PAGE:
A health professional can serve a patient better if they understand and appreciate how colleagues from other disciplines can enhance that patient’s care.

Western University of Health Sciences in Pomona, Calif., wants to make this a reality. The university is in the early stages of developing a unique interprofessional curriculum where students from all disciplines will learn together in the classroom, in small group venues, and in clinical experiences with patients. The goal is for WesternU graduates to demonstrate an understanding of other health professionals and to provide and promote a team approach to patient care and health care management, leading to improved patient care.

“Interprofessional learning enables one discipline to enrich another, and leads to a breadth of knowledge that makes health professionals unique and better equipped to care for people,” WesternU President Philip Pumerantz said.

The Interprofessional Education (IPE) committee is evaluating the steps needed to implement such a curriculum among the existing colleges and those colleges in development. All faculty members, students and other stakeholders are welcome to add their opinions and suggestions to the discussion.

Vice Provost Sheree Aston, OD, MA, PhD, joined WesternU this summer to coordinate the development and the successful launch of this curriculum.

Interprofessional education will allow future graduates to respect and appreciate other disciplines, Aston said.

“If they understand and respect other health professionals and promote team-based health care, the patient benefits,” Aston said.

It’s important that faculty comes up with ideas and ways to implement those ideas, Aston said.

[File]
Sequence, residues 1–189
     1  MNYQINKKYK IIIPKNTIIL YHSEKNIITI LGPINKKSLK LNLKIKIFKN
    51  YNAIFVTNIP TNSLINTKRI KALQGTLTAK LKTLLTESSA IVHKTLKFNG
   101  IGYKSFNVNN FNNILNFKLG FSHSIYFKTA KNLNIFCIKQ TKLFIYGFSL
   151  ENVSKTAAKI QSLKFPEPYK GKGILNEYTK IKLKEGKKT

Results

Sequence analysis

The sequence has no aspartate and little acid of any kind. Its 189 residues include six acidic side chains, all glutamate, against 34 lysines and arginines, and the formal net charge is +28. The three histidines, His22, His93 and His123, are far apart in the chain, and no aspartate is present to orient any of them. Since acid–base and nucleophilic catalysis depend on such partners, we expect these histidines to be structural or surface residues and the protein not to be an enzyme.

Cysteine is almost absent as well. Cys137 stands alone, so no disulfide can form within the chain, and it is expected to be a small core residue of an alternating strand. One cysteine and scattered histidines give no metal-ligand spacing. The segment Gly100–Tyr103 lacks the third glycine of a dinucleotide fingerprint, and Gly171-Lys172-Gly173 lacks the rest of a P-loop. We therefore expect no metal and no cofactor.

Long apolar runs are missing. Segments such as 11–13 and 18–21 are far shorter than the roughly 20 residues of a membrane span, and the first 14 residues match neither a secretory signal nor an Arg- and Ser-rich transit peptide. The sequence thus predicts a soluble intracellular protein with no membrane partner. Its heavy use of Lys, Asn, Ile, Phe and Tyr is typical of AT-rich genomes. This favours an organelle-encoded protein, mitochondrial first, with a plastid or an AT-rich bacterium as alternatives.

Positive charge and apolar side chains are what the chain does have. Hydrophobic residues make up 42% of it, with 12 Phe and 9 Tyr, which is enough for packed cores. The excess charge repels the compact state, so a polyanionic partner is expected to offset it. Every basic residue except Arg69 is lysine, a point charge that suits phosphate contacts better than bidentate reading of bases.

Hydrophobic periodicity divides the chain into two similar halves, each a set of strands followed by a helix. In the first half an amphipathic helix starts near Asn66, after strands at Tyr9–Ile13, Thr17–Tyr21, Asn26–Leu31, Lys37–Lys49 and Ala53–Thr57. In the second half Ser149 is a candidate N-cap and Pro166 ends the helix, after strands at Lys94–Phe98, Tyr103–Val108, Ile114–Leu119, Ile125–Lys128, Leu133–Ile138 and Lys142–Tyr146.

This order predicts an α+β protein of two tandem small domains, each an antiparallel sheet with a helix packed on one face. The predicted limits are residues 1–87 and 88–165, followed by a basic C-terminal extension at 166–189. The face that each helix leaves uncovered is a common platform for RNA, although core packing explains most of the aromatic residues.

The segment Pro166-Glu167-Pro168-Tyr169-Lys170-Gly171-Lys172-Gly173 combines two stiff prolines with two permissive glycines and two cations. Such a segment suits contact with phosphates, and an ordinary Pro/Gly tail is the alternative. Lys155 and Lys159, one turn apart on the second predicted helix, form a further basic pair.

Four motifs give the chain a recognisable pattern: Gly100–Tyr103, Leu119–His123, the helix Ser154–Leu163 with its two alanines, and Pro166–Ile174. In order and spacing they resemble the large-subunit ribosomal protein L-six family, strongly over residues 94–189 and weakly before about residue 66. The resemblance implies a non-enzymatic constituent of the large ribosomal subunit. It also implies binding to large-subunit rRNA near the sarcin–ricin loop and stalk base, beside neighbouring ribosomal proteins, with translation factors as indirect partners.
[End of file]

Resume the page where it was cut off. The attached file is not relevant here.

“The faculty is the keeper of the curriculum,” she said. “The faculty is the key to doing this.”

To that end, a series of faculty luncheon meetings are scheduled for Sept. 24-28. In these small groups, faculty members can share their ideas, contribute to and learn more about the initiative.

One important step in the development of the interprofessional curriculum is to provide a forum where people can express their concerns and receive a response so they feel their voice is heard, said College of Graduate Nursing Assistant Dean Diana Lithgow, who is leading the faculty branch of the IPE committee.

Interprofessional activity will not obscure the main focus of each college, Aston said.

“Everybody is going to learn their craft,” she said.

But interprofessional education will require a change in the university’s culture, a breakdown of the silos found at educational institutions and in the health care industry, Aston said.

People know WesternU graduates are caring and compassionate. Having interprofessional skills will provide added value to their education.

“The world is watching us and we want to show them what we can do,” Aston said.

Work stream groups are meeting to develop specific aspects of the Interprofessional Education initiative: Environmental Scan, Preclinical, Clinical, Research, Facilities, Communication, Faculty, Program Evaluation, External Funding and Recruitment/Support Services. If you’re interested in joining a work stream group or you want more information about the Interprofessional Education initiative, e-mail Dr. Sheree Aston at saston@westernu.edu.